Ribeira do Peralto
An exceptionally low tide exposed an area with ceramics and shale weights at Ribeira do Peralto, in the winter of 2005. Alerted to the importance of this site by its finder, Ricardo Soares Abreu, a closer inspection of this area revealed a rich archaeological complex, which encompassed the remains of a wall, large rectangular depressions excavated in the shale, in the shape of reservoirs or salt pans, and a concentration of ceramic shards that seems coherent and compatible with the occurrence of a shipwreck in the area, dating to about xxxx. In all, circa 1,460 ceramic shards were recovered and handed to the Esposende municipality. In the area of approximately 50 m², where the ceramic fragments were found, there were
Some 10 timber fragments with 2 to 4 m were also reported in the area, buried in a silty layer beneath the sand. One of the timbers looked like a ship frame. Shale weights, probably from nets, were also abundant in this area.
In the subsequent years another area with reservoirs excavated in the shale was surveyed to the north of this site. Some of the reservoirs were connected by channels carved on the shale.
Between the two areas of reservoirs excavated in the shale the survey team observed an old silty layer with tree stomps – some with cut marks – that was later dated to circa 6,000 BP, possibly corresponding to the same area found at Rio de Moinhos and mentioned above.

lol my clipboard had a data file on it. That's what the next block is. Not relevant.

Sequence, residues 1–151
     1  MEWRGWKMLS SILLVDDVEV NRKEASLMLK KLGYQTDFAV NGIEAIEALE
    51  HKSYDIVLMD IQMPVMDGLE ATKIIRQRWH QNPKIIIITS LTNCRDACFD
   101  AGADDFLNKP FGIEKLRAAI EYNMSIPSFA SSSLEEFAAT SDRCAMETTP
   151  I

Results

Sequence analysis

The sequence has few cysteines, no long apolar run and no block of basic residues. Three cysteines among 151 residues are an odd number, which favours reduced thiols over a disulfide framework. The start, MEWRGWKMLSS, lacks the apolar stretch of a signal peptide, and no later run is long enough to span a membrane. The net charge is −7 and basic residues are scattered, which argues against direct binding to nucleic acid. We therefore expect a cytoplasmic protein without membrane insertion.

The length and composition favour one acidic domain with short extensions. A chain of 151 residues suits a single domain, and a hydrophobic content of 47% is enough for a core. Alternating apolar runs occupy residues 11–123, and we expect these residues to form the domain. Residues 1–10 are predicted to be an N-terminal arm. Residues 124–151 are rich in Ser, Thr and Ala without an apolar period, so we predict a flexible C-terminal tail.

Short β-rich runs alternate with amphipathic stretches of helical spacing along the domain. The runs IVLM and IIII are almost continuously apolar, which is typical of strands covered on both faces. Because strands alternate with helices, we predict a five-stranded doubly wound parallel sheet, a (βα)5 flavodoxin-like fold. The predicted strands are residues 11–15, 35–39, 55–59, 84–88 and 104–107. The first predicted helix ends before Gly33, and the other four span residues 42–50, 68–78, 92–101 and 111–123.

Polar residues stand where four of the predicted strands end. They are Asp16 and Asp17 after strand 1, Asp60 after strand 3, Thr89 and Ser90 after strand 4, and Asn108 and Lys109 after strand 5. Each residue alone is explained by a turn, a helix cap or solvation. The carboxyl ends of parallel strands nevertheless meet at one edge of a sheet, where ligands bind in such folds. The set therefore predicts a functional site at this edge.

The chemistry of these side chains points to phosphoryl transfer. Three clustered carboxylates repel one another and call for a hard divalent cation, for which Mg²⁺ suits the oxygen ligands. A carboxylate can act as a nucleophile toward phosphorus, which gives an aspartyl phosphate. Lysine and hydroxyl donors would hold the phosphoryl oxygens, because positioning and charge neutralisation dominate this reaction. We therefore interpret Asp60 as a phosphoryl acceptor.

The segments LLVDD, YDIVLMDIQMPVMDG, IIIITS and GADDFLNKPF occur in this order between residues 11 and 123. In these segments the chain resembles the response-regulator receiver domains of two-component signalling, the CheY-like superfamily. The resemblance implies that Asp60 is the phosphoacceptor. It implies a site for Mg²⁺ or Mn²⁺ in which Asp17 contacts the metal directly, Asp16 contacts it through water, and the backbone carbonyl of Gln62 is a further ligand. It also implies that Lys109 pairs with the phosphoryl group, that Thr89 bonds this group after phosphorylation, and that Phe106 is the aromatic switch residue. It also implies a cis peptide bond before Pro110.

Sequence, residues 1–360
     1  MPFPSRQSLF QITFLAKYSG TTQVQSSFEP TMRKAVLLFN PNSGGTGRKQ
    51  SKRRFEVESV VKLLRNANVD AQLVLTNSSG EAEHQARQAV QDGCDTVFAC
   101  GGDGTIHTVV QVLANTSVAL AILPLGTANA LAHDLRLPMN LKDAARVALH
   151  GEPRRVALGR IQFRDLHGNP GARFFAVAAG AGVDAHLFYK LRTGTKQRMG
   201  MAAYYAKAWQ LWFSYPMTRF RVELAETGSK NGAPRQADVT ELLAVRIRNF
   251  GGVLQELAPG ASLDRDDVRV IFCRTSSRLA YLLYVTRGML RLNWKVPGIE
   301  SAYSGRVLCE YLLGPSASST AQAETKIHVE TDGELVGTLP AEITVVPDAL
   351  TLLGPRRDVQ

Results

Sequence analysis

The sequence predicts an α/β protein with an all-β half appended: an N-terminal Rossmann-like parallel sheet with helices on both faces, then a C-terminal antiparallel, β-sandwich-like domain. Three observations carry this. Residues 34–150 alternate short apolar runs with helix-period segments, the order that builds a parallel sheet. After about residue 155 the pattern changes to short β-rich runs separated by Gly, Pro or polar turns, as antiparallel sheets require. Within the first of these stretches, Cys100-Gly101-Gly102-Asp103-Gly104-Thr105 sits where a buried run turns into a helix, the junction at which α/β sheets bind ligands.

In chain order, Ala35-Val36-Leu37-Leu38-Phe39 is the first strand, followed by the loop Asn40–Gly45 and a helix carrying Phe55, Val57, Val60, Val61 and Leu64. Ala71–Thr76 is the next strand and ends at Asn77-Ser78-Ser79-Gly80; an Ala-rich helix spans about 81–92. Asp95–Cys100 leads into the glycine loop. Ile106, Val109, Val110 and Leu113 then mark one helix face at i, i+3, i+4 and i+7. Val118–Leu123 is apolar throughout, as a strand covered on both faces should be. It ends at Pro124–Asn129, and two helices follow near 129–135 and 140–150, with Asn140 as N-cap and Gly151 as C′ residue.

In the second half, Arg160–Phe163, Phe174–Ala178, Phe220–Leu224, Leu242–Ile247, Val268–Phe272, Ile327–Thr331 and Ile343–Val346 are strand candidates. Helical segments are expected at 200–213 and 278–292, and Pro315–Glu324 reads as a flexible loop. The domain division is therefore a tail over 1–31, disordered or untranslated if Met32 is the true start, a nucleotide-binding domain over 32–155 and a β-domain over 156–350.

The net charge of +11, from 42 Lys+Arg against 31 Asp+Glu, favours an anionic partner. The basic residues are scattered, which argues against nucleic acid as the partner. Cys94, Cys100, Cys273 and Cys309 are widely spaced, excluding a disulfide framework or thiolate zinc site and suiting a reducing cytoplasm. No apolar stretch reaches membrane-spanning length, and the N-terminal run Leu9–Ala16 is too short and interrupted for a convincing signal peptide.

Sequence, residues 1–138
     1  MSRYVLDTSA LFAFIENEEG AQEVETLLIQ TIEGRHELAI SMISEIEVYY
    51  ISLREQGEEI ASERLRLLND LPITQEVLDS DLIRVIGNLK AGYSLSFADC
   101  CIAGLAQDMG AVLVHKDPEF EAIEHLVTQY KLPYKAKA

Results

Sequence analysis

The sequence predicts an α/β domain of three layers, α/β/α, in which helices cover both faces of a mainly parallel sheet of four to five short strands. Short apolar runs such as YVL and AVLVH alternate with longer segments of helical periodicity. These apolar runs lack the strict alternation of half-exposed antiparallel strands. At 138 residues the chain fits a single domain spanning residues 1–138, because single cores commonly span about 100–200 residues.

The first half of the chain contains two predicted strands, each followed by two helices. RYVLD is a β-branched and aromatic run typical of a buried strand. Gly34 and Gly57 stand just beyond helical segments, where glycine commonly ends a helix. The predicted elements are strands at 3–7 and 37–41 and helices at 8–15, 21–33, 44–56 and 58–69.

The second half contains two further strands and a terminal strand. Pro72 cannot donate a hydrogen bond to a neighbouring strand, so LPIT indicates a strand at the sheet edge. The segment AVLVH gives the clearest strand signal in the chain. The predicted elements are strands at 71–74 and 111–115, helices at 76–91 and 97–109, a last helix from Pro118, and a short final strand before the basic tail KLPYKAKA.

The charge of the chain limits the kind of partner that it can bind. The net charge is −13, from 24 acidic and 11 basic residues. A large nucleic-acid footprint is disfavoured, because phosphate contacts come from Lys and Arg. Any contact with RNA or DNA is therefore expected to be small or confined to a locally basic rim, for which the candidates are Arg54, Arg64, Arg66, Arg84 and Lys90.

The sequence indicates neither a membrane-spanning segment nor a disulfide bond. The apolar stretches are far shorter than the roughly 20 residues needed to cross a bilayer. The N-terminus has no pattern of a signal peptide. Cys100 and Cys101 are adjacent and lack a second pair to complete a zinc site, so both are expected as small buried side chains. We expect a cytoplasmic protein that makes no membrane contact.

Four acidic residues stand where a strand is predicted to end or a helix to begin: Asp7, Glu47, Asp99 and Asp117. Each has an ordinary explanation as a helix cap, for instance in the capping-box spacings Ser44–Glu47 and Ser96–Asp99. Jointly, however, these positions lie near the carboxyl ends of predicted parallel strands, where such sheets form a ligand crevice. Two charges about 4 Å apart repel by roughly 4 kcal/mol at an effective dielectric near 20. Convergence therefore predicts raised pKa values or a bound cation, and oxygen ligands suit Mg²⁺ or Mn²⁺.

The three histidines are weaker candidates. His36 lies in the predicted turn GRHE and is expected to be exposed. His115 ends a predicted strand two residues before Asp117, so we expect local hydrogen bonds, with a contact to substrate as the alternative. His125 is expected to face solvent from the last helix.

In the winter of 2012 and 2013 a number of grinding stones were found in the sea off Praia do Peralto by diver Mr. Manuel Silva.
Additional finds in the area probably belong to a later period and encompass a timber that may have belonged to a ship, and an olive jar, typical of the late 16th century.
The Middle Ages
The medieval cemetery of Fão conserved 144 graves, dated from the 11th to the 14th centuries. Skeletal remains were studied (refs here)
The Early Modern Period
The 18th Century
The 19th Century
The 20th Century
Bettencourt, A., 2013. “Conjunto megalítico do planalto de Vila Chã, Esposende” in The Prehistory of the Northwestern Portugal. Braga: CEIPHAR/CITCEM.
Monteiro-Rodrigues, S., 2013. “A indústria macrolítica holocénica da praia de Rio de Moinhos (Marinhas, Esposende, NW de Portugal). Apresentação de um estudo preliminar,” in GALLÆCIA 32: 87-108.
https://www.visitesposende.com/en/fazer/roteiros/archeological-tour (accessed Jan 2020)